59. Convallaria.—(C. Flores and C. Radix, N. F.). Lily of the Valley.

Botanical name: 

The dried rhizome and roots and dried inflorescence of Convalla'ria majal'is Linné.

BOTANICAL CHARACTERISTICS.—A low, perennial, glabrous herb with slender, running root-stocks. Leaves 2, oblong, bright green, and shining. Scape bearing a one-sided raceme of white, bell-shaped flowers. Fruit a few-seeded red berry.

HABITAT.—North America, Europe, and Northern Asia.

DESCRIPTION OF "ROOT."—In pieces from 50 to 75 mm. (2 to 3 in.) long, and about 3 mm. (⅛ in.) thick, the upper end gnarled and wrinkled, and with the remnants of the scape and petioles attached, tapering at the small end; annulate nodes beset with a circle of eight or ten long, branching, gray rootlets; externally white, fracture white, tough, and fibrous. Odor distinct; taste sweetish, somewhat bitter and acrid. C. Flores—see N.F.

CONSTITUENTS.—Two glucosides, convallarin, C34H62O11 (the emetocathartic principle), acrid prisms, scarcely soluble in, but foaming when shaken with water; and convallamarin, C23H44O12, the cardiac acting principle, a sweetish, afterward bitter, crystalline powder.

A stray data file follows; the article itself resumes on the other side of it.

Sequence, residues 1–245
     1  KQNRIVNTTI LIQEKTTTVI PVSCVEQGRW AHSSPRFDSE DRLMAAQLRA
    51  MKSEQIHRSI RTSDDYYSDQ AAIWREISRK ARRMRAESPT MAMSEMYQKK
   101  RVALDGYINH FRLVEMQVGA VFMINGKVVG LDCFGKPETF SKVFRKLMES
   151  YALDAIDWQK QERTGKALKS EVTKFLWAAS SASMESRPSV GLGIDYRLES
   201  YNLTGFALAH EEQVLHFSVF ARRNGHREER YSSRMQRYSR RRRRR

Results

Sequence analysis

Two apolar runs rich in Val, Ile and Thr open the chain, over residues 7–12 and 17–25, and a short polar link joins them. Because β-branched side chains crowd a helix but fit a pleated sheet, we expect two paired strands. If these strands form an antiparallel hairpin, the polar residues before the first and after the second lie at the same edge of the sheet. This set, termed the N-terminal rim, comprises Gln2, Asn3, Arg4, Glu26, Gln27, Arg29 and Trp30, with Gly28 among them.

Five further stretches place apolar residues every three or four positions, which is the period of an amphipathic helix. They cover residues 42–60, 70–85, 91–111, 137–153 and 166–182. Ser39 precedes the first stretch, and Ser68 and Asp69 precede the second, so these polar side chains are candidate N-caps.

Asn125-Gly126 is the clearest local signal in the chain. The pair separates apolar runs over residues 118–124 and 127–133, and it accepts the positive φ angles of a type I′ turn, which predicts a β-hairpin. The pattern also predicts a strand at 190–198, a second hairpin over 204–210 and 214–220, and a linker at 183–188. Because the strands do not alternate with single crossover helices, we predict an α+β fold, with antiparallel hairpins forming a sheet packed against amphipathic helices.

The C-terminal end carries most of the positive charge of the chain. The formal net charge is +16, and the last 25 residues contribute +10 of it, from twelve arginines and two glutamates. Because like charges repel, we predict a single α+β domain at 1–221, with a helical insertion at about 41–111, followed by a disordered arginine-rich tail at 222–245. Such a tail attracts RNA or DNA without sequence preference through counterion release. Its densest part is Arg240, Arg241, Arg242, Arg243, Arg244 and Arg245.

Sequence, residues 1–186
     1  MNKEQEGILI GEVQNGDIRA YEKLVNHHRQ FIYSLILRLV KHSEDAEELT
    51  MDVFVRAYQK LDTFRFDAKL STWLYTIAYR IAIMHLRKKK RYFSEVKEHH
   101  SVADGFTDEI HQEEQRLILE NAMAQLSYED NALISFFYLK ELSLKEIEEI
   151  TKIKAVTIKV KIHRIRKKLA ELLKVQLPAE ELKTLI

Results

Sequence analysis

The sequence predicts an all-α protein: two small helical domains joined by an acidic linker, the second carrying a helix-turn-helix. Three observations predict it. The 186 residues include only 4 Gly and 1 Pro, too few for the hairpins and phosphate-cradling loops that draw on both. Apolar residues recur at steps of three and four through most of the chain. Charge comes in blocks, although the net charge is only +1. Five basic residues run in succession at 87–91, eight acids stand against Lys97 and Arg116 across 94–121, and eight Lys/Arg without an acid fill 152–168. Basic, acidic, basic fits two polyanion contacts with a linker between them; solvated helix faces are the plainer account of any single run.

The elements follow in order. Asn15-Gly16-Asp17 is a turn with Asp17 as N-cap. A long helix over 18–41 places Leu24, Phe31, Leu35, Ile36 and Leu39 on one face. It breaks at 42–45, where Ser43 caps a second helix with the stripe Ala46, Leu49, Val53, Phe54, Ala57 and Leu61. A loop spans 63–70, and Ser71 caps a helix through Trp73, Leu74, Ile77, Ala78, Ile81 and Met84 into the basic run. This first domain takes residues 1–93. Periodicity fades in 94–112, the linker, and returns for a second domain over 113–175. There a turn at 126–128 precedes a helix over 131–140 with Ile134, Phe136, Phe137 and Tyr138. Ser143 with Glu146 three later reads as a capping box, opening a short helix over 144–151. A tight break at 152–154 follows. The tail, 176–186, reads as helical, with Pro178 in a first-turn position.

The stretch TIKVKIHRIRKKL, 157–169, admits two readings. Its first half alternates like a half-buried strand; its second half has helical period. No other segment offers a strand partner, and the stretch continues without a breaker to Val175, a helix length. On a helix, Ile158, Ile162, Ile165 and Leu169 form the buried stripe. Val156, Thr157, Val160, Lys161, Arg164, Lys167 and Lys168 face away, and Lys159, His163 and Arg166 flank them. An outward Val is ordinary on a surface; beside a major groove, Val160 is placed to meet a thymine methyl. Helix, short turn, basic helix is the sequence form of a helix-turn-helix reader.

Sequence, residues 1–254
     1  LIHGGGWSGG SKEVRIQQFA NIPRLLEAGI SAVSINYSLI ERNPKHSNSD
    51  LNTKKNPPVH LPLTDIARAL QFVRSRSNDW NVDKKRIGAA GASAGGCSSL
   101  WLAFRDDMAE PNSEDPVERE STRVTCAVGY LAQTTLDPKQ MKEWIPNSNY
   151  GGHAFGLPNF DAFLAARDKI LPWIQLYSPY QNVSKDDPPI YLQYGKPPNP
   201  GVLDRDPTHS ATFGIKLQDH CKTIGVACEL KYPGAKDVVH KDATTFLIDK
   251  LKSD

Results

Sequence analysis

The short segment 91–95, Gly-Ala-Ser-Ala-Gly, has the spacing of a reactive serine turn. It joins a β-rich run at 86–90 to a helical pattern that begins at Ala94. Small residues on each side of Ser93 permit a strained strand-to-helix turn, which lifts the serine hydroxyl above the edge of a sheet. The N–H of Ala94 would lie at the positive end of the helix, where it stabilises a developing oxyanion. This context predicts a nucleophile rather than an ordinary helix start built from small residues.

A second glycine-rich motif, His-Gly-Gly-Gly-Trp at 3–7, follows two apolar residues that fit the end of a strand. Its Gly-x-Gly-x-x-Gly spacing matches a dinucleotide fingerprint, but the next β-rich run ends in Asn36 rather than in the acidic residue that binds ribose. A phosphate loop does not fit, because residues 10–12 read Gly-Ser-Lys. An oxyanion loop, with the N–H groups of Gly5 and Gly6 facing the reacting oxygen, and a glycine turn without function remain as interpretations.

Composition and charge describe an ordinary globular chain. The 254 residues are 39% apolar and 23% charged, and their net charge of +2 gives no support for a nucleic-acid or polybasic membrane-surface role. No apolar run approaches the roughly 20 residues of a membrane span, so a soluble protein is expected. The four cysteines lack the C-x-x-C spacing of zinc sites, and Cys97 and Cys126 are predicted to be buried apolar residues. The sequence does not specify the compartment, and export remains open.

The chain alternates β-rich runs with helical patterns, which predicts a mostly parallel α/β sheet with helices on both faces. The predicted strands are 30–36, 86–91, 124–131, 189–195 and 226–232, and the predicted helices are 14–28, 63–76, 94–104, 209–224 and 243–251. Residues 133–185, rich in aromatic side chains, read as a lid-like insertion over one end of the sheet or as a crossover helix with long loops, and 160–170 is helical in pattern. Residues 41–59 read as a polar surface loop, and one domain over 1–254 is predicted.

Preparation of Convallamarin.—The estimation of the value of the drug is based upon the separation of this constituent. The drug is extracted with alcohol, the tincture treated with subacetate of lead, and filtered; excess of lead removed by careful addition of H2SO4; filter, distil off alcohol, add water, neutralize carefully with Na2CO3, add solution of tannin. The precipitate of tannin compound is dissolved in 60 per cent. of alcohol, decolorized with animal charcoal, decomposed with zinc oxide. The filtrate is then evaporated to dryness.

ACTION AND USES.—Convallaria was introduced as a safer cardiac tonic than digitalis. Its absence of cumulative action was pointed out by therapeutists. "It does not disturb the stomach or cerebro-spinal functions if preparations free from convallarin are used." It is one of the most active diuretics, especially in cardiac dropsies. Dose: 5 to 30 gr. (0.3 to 2 Gm.); of convallamarin ½ to 2 gr. (0.0324 to 0.13 Gm.).

A Manual of Organic Materia Medica and Pharmacognosy, 1917, was written by Lucius E. Sayre, B.S. Ph. M.